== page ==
Spend a few minutes online trying to fit out your homebrewing rig, and pretty quickly, you’ll be looking at advertisements for $10,000 touch-screen-controlled PicoBreweries—and if not that, then at least few thousand bucks worth of shiny stainless steel. Homebrewing has become popular, and with that popularity has come a whole world of high-profile, custom-made hardware. Don’t get me wrong: Some of this equipment is fantastic, and if I won the lottery, you can be pretty sure where I’d start spending the winnings, but much of this is beyond what the typical homebrewer requires or can even take advantage of.
Remember, homebrewing had its origins as a scrappy, underground hobby in the 1970s, with mimeographed recipes and patched-together brew rigs. Although today’s brewer has the option of running out and buying a turn-key automated brewery, there’s still plenty of ways to get the equipment you need (and want) without having to take out a second mortgage.
1. Shop Used and DIY
Let’s be honest, those homebrew supply catalog photos of shiny, stainless-steel brewing equipment, with the bells and whistles of built-in thermometers and water-level gauges, are pretty seductive. But if homebrewing is just a hobby for you, you can save money by checking Craigslist or community “buy nothing” forums for carboys, oversized stockpots and the like.
If you’re willing to break out the power drill and adjustable wrench, it’s easy enough to build up your own mash tuns and boil kettles; the Internet is full of tutorials, and the availability of “weldless” fittings means you don’t need to deal with the tricky task of welding stainless steel. Drilling stainless steel is hard enough, and I recommend a decent power drill and set of bits if you’re going to start building your own equipment.
2. Brew Small
Homebrewing has long been obsessed with 5-gallon batches. The reason, presumably, is the availability of 5-gallon buckets, carboys and kegs. But that’s a lot of beer to deal with! Smaller batches can be fermented in 1-gallon glass jugs (either bought new or re-used from something like fancy organic apple juice). Working with 1- or 2-gallon batches cuts down on ingredient costs and the need for giant, specialized pots for mashing and boiling. It’s also a fun way to turn out more variety in your brewing or experiment with different yeasts.
If working with existing recipes, just divide the ingredients by whatever fraction is necessary. The only exception is for the yeast: I’ll usually use a half-pack for a 1-gallon batch and a full pack for anything 2 gallons or larger. When setting up gallon jugs as fermenters, be sure the bung holding your fermentation lock fits well; some jugs have beveled mouths that can make it tricky to get the bung seated. Some homebrew suppliers are now selling smaller-sized carboys and even promoting ingredient kits in 2- or 3-gallon sizes.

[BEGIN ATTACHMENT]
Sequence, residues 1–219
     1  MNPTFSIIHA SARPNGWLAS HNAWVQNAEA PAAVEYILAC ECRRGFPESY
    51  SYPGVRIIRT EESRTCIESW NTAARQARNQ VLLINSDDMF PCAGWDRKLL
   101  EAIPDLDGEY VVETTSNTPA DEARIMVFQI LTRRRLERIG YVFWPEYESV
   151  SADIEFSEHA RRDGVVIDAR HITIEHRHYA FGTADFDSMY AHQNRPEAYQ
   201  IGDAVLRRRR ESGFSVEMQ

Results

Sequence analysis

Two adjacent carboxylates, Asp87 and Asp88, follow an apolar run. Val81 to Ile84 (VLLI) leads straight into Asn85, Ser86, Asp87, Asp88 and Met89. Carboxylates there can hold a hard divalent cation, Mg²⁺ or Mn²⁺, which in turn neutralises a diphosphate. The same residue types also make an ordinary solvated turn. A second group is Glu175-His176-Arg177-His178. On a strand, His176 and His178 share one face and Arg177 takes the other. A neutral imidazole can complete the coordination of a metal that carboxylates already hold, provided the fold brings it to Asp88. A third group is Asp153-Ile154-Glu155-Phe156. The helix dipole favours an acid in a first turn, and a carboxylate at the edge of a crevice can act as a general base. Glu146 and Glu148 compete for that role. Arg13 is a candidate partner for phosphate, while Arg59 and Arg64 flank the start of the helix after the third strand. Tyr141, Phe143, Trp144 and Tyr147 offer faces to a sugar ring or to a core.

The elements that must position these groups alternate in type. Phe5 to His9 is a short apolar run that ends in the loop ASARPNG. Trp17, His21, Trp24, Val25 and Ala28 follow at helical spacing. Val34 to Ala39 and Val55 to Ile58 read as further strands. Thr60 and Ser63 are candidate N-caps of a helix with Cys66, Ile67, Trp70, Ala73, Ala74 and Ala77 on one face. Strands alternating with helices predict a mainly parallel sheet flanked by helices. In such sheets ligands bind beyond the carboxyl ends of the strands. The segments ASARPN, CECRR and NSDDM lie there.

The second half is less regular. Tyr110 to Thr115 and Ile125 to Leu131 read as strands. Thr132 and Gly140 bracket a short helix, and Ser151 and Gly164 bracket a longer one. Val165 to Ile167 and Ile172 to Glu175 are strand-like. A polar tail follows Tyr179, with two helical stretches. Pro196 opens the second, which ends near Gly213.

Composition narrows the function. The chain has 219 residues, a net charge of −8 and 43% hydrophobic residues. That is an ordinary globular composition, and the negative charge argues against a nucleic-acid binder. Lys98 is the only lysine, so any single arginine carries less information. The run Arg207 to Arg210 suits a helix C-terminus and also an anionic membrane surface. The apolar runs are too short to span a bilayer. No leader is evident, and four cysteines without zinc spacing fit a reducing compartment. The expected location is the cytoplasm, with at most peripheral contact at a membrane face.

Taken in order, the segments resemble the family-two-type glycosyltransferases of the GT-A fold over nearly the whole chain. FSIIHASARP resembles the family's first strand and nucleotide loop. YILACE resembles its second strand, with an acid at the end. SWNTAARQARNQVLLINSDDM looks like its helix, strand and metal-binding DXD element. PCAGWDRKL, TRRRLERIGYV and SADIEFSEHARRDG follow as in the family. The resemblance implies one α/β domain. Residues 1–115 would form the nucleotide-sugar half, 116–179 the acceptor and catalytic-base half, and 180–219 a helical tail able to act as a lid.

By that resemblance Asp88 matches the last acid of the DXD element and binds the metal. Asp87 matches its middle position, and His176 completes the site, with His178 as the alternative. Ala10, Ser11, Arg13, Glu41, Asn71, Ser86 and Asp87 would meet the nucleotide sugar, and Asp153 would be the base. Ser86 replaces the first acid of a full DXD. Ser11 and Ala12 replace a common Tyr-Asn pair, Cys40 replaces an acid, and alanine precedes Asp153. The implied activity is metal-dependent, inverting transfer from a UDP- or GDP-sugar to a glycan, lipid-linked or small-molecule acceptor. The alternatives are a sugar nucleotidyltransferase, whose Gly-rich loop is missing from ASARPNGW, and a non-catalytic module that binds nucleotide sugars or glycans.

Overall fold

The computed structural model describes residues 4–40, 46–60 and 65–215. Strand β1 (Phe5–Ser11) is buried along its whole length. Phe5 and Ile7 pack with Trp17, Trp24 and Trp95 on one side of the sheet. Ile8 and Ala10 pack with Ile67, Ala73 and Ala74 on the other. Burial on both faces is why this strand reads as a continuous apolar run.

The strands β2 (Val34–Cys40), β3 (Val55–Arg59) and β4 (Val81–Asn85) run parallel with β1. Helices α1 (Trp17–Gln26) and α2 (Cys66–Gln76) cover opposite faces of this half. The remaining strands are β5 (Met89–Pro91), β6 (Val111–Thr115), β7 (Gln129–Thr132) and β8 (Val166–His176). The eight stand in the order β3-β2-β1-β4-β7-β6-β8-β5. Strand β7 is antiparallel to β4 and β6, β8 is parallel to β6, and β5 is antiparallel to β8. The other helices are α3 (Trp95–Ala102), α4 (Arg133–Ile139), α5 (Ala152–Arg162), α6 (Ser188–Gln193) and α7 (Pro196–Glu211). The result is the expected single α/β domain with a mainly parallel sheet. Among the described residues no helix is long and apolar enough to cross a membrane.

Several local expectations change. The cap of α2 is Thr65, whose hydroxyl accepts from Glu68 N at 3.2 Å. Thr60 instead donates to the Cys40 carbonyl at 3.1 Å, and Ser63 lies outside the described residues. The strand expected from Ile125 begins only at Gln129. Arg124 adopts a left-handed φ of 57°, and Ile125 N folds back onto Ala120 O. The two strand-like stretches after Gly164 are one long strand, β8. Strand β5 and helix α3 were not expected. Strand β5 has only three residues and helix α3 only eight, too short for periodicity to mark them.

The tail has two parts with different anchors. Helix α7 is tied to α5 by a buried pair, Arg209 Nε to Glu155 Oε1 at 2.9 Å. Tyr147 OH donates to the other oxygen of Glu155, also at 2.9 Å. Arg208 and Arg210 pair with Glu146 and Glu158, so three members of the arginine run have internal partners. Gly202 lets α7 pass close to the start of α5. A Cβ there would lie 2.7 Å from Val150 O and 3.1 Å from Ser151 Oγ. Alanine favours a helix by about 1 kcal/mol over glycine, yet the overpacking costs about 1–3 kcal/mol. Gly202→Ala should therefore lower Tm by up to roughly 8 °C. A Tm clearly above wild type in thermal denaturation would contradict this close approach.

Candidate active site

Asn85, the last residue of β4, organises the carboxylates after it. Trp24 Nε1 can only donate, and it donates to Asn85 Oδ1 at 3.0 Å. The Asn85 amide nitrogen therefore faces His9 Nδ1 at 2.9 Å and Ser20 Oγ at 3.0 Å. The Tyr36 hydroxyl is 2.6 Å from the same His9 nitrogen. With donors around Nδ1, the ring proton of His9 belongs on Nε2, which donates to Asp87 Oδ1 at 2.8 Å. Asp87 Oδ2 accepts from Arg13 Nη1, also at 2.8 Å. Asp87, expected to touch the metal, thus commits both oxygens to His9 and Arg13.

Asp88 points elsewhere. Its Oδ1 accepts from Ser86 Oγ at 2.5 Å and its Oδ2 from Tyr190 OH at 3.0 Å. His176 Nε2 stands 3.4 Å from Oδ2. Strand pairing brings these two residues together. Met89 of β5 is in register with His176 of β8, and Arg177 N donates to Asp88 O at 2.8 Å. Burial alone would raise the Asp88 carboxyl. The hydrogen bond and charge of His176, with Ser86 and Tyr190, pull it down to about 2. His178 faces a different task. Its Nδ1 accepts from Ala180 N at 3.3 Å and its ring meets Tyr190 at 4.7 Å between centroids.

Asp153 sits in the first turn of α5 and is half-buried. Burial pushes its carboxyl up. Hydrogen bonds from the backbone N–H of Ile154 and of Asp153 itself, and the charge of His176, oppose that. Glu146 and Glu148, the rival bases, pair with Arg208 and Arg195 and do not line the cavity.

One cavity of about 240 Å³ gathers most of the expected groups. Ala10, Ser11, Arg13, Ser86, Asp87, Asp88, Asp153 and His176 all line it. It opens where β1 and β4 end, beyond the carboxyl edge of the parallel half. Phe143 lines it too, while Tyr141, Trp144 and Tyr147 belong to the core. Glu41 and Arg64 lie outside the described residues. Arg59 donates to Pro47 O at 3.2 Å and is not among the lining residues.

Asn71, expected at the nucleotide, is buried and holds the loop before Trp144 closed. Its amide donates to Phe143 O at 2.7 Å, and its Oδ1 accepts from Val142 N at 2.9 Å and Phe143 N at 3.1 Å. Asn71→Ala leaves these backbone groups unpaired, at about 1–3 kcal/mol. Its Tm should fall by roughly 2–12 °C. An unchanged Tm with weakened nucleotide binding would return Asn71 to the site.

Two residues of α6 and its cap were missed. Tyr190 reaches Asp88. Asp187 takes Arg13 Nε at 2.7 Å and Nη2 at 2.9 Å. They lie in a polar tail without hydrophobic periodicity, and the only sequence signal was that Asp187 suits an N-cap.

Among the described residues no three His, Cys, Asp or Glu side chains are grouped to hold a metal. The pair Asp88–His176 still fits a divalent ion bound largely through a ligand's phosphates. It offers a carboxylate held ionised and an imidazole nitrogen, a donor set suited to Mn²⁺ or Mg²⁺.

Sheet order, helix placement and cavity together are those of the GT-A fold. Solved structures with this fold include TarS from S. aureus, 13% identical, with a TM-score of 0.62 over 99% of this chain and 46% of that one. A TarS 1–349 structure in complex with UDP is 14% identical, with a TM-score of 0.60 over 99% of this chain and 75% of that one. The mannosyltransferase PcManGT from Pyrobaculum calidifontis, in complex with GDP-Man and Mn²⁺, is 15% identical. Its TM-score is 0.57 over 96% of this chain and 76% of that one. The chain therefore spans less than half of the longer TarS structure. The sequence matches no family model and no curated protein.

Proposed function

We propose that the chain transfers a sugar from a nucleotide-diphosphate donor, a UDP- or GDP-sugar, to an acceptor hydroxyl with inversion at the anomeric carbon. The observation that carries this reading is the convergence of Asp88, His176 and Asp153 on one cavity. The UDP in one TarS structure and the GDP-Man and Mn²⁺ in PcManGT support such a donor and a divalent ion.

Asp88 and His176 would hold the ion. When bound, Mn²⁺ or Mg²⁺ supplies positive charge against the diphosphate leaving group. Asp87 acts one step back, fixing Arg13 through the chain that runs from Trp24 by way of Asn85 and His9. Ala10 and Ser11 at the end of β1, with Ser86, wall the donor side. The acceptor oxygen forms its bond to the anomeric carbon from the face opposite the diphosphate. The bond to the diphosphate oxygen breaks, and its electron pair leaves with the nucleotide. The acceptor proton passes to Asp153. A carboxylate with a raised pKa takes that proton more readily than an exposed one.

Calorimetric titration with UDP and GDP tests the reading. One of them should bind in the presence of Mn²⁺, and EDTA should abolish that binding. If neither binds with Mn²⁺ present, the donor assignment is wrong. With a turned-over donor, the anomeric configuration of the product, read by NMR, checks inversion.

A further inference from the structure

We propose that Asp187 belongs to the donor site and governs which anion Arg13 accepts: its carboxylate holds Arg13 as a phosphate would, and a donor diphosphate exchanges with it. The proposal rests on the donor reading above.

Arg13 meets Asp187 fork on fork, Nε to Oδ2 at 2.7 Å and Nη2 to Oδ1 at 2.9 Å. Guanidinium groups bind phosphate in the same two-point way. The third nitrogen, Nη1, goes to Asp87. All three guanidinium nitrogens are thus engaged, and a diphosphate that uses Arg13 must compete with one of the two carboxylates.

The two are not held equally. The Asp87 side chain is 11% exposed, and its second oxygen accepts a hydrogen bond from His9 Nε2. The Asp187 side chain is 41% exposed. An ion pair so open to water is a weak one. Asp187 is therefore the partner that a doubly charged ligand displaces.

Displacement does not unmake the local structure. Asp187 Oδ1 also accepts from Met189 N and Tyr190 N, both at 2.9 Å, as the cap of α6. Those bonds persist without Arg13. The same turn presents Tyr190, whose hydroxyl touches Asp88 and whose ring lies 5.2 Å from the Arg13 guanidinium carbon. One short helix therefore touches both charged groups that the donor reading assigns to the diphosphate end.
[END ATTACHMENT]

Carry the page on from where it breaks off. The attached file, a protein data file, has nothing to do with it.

3. Use Multi-Purpose Equipment
This may be anathema to some brewers, with sacrosanct collections of special-purpose gear, but I frequently share my brewing equipment with our homestead-at-large. My boil kettle and mash tun have both seen double-duty as water-bath canners, and the boil kettle has even served as a stockpot when we found ourselves with a glut of chicken carcasses one winter day. Thinking of brewing gear as part of the homestead’s general-purpose kit may not make it cheaper to buy, but it will make it easier to justify.
Of course, the opposite is also true: If you’re willing to adopt the right techniques and work around the challenges, you can brew a fine beer with what you’ve probably already got around the house. Working with smaller batches, as suggested above, helps. Just make sure you clean any shared gear thoroughly before using it to brew, not just to avoid off flavors but because residual grease or fat can spoil head formation.
4. Share Your Gear
No homebrewer need be an island—even as enthusiastic a brewer as I am, my gear will lounge in the garage for weeks at a time. Making connections at a local homebrew club or online forum opens up the opportunity to share. Ask your neighbors, and bring a bottle or two of homebrew when you come calling. It never hurts to pay it forward! Bottles of all kinds, bottle cappers and high-BTU turkey fryers seem to be the easiest to find, but I’ve been pleasantly surprised how many folks seem to have a carboy or a CO2 tank languishing in their garage or basement.
Get more homebrewing help from HobbyFarms.com:
- How to Use Brewer’s Waste as Animal Feed
- 10 Simple Tips for Better Beer
- 5 Tips for the Advanced Brewer
- Crop Profile: Hops
About the Author: Nick Strauss is an all-grain homebrewer with more than 13 years of experience. He and his wife own a small homestead in the Pacific Northwest and blog about homebrewing, homesteading, cooking and more at Northwest Edible Life.